Many residents of unincorporated and less-developed south Fulton County opposed incorporation, fearing the loss of tax revenues which fund county services. County residents outside Sandy Springs were not allowed to vote on the matter. Efforts such as requesting the U. S. Justice Department to reject the plan were unsuccessful. A mayor and six city council members were elected in early November 2005, with Eva Galambos, who had initiated and led the charge for incorporation, elected mayor by a wide margin. Formal incorporation occurred on December 1, making Sandy Springs the third-largest city to incorporate in the U. S; the city's police force and fire department began service in 2006. Prior to 2005, residents relied upon a large, traditionally modeled county government for the provision of services, which residents felt did not adequately meet their needs; these challenges formed the basis for desiring a streamlined government physically closer to constituents and responsive to community desires.
Sandy Springs initiated a non-traditional approach by operating as a Public Private Partnership, with nearly half of City staff employed by a private company. In 2010, the City undertook a comprehensive procurement process to rebid all general city services, resulting in multiple providers, providing considerable savings and higher levels of service for the City; the Sandy Springs PPP model is regarded as an example for other local governments, with city leaders from across the country and around the globe, including China, Korea and others visiting Sandy Springs to learn about the PPP model. Since the incorporation of Sandy Springs, several other metro cities have formed – Dunwoody, Peachtree Hills and Johns Creek – each instituting a form of the Public-Private model. In 2010, the city became the first jurisdiction in Georgia to "bail out" from the preclearance requirements of Section 5 of the Voting Rights Act; the boundaries of Sandy Springs are Atlanta to the south, Cobb Count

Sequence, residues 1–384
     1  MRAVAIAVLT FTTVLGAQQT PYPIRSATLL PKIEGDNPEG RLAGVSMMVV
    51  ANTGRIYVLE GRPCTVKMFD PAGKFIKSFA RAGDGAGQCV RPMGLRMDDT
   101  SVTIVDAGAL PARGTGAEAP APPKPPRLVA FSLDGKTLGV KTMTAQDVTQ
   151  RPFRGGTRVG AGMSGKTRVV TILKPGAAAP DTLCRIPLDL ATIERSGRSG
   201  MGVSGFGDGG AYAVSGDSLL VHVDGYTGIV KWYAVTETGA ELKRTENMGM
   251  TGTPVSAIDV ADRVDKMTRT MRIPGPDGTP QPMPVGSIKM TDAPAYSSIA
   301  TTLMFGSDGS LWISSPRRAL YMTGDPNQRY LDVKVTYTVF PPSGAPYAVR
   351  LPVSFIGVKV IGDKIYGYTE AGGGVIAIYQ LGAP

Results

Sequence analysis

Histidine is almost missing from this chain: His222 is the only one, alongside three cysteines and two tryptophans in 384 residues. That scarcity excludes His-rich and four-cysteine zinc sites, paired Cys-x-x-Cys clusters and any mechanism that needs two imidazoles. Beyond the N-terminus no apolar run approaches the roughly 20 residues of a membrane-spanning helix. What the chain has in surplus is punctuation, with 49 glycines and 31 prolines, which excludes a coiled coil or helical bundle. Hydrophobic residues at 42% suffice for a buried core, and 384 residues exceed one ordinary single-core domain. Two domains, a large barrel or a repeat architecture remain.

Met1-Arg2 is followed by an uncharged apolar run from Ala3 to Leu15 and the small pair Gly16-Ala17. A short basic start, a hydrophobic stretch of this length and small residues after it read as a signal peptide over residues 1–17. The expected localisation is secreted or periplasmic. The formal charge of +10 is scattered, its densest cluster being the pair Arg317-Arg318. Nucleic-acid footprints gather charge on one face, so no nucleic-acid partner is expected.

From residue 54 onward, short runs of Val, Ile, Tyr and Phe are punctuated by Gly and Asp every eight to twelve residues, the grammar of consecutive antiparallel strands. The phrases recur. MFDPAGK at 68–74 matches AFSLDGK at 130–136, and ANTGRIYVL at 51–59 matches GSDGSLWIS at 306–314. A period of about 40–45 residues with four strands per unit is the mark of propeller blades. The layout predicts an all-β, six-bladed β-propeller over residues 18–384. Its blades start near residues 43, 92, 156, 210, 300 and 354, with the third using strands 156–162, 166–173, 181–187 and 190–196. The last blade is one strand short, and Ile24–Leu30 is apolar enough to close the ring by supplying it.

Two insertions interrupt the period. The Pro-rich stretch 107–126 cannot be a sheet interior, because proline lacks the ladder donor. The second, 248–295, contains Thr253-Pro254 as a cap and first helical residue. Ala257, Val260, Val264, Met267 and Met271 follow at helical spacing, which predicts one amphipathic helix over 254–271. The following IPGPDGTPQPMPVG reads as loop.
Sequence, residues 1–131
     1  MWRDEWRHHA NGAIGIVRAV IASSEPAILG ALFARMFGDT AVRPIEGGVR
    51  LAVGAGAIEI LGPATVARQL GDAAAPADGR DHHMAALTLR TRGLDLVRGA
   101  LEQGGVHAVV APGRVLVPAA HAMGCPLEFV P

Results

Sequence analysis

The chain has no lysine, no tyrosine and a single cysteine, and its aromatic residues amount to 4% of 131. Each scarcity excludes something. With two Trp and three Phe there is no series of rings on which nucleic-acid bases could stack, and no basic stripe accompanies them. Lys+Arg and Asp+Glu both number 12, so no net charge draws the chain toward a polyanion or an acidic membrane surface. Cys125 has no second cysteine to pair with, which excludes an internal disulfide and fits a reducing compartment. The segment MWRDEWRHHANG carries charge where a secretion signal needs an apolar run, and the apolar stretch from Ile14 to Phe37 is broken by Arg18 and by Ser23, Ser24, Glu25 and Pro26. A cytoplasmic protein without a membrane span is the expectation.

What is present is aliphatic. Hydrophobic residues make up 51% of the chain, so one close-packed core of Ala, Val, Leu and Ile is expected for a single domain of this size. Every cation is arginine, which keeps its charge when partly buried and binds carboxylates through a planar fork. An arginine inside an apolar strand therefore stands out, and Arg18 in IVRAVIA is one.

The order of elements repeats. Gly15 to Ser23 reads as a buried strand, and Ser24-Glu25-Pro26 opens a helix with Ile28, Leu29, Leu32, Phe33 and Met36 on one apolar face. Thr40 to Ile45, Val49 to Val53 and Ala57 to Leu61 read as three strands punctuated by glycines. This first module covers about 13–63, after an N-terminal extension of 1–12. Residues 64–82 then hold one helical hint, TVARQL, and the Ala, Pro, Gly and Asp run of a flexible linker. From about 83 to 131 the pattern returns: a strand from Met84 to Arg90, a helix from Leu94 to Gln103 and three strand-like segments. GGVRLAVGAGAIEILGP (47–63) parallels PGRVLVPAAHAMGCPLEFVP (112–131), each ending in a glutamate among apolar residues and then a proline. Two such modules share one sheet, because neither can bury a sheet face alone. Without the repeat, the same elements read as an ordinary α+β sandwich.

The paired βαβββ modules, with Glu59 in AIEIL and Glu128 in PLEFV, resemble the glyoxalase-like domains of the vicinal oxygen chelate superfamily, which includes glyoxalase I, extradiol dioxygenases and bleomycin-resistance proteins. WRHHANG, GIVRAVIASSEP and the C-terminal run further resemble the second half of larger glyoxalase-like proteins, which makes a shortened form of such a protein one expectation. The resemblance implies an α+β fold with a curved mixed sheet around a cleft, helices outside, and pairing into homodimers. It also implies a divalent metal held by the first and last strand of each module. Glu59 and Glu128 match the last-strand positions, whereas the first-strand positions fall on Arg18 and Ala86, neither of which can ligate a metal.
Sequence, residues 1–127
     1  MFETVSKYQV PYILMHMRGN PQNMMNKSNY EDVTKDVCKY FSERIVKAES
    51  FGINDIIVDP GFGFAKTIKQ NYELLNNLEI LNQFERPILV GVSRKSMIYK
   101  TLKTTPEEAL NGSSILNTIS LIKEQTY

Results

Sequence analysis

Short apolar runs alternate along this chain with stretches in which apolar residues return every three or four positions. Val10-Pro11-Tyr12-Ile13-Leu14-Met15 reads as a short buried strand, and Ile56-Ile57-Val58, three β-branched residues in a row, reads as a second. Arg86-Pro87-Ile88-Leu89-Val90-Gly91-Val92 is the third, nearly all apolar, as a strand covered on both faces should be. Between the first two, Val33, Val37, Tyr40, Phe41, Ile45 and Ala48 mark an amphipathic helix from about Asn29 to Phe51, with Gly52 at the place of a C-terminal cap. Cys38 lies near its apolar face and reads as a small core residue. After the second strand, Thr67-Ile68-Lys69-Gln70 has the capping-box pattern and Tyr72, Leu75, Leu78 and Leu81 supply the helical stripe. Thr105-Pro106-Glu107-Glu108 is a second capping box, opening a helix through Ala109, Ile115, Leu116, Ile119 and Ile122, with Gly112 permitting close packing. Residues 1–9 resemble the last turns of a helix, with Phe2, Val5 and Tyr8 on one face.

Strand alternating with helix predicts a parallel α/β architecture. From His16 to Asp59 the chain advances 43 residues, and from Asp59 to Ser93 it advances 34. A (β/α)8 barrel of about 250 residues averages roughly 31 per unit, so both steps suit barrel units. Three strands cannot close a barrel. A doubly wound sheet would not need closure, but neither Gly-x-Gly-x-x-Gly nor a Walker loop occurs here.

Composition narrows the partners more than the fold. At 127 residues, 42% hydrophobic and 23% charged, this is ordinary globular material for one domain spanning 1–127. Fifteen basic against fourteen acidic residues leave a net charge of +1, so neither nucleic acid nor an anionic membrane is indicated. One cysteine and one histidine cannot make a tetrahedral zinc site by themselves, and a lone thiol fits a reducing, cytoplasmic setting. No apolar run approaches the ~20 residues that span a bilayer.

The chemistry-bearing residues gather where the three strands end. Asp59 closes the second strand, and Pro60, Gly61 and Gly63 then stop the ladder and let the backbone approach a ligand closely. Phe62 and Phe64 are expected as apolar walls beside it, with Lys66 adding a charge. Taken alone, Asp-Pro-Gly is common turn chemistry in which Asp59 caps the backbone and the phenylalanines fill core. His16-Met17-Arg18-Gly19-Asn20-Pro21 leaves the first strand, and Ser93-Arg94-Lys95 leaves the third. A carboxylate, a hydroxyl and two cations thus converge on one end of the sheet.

Methodism known as the Methodist movement, is a group of related denominations of Protestant Christianity which derive their inspiration from the life and teachings of John Wesley. George Whitefield and John's brother Charles Wesley were significant early leaders in the movement, it originated as a revival movement within the 18th-century Church of England and became a separate denomination after Wesley's death. The movement spread throughout the British Empire, the United States, beyond because of vigorous missionary work, today claiming 80 million adherents worldwide. Wesley's theology focused on the effect of faith on the character of a Christian. Distinguishing Methodist doctrines include the new birth, an assurance of salvation, imparted righteousness, the possibility of perfection in love, the works of piety, the primacy of Scripture. Most Methodists teach that Jesus Christ, the Son of God, died for all of humanity and that salvation is available for all; this teaching rejects the Calvinist position that God has pre-ordained the salvation of a select group of people.
However and several other early leaders of the movement were considered Calvinistic Methodists and held to the Calvinist position. Methodism emphasises charity and support for the sick, the poor, the afflicted through the works of mercy; these ideals are put into practice by the establishment of hospitals, soup kitchens, schools to follow Christ's command to spread the gospel and serve all people. The movement has a wide variety of forms of worship, ranging from high church to low church in liturgical usage. Denominations that descend from the British Methodist tradition are less ritualistic, while American Methodism is more so, the United Methodist Church in particular. Methodism is known for its rich musical tradition, Charles Wesley was instrumental in writing much of the hymnody of the Methodist Church. Early Methodists were drawn from all levels of society, including the aristocracy, but the Methodist preachers took the message to labourers and criminals who tended to be left outside organised religion at that time.